A. Cornelius Celsus Of Medicine

Aulus Cornelius CELSUS   |   James GREIVE

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CELSUS, Aulus Cornelius. (GREIVE, James). A. Cornelius Celsus Of Medicine. London: Printed for D. Wilson and T. Durham, 1756. Octavo, full contemporary calf gilt rebacked with original spine laid down, raised bands, original red morocco spine label.

Scarce first edition in English, Greive's "fine and scholarly" translation (DNB) of "the greatest medical treatise from ancient Rome."

"Roman literature, otherwise so barren of good medical authorities, can boast of possessing in Celsus one who, for elegance, terseness, learning, good sense and practical information, stands unrivaled" (Peck, 308). Celsus' De Medicina "is the oldest medical document after the Hippocratic writings. Written about AD 30, it remains the greatest medical treatise from ancient Rome, and the first Western history of medicine;" its editio princeps, printed in Florence in 1478, "was one of the first medical books to be printed" (Garrison & Morton 20). Celsus' work is notable for containing important, early Western accounts of dentistry (including treatments of toothaches and fractured jaws) and surgery (including the first accounts of the use of ligature and early descriptions of plastic surgery). A physician and lecturer in chemistry, Grieve "omitted no pains in examining the various editions of his original, nor in consulting his best annotators" in preparing this first edition in English: "Whoever has sufficient leisure and disposition for an attentive perusal of this work must perceive it has cost the Translator much time, care, and study… Dr. Grieve has shown himself a gentleman of literature and application" (Brueggemann, 641). Extra-illustrated with engraved plate depicting the Ambe of Hippocrates preceding leaf A2. Garrison & Morton 6375. Blake, 82. Lowndes, 399. Bookplate. Engraved title page from a 1687 edition of De Medicina published in Amsterdam by Joannem Wolters affixed to front pastedown. With portion of a line engraving (measuring 3 by 6 inches) regarding 17th-century cancer patients affixed to rear pastedown. The Wellcome Library holds another, larger fragment of the same broadside, and believes it to be an advertisement for "the services of an English travelling healer, possibly Sir William Read (d. 1715)… Read was oculist to Queen Anne, traveled around England treating people for cataract, cancer and other diseases, flaunted his services to charity and received a knighthood for his charitable services" (Wellcome Library).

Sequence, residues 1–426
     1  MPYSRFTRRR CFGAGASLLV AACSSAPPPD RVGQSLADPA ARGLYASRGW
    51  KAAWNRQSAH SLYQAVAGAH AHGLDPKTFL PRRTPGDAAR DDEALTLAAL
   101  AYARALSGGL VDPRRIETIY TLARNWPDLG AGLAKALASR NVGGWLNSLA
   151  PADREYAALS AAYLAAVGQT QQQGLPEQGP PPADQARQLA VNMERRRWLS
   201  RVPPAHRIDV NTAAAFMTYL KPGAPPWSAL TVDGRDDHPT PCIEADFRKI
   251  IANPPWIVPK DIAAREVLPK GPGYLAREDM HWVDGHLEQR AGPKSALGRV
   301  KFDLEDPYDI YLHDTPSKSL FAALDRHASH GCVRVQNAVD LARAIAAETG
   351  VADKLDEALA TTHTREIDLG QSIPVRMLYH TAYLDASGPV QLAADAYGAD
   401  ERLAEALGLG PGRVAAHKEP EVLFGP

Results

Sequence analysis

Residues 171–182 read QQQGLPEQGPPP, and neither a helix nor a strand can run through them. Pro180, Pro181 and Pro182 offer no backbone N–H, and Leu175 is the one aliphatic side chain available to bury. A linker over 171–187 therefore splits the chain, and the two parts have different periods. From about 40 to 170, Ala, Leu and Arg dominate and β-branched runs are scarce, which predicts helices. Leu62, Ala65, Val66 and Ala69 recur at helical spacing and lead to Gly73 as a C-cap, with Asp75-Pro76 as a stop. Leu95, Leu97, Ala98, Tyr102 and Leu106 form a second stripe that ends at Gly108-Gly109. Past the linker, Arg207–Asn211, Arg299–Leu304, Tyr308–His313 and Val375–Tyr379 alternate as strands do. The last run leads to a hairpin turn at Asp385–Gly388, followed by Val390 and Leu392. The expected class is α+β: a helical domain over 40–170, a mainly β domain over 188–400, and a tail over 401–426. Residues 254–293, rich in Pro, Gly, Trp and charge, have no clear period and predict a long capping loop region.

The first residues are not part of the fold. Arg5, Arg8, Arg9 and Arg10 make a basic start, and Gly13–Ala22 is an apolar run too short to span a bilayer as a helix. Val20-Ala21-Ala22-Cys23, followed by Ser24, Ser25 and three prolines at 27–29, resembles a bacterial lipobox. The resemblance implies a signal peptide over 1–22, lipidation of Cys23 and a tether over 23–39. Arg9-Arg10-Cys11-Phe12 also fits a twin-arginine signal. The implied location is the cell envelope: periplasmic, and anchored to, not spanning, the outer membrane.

Scattered light foxing. Title page with excised strip renewed, including the word "OF" from the title. Binding expertly restored. A most desirable copy in contemporary binding. Scarce.

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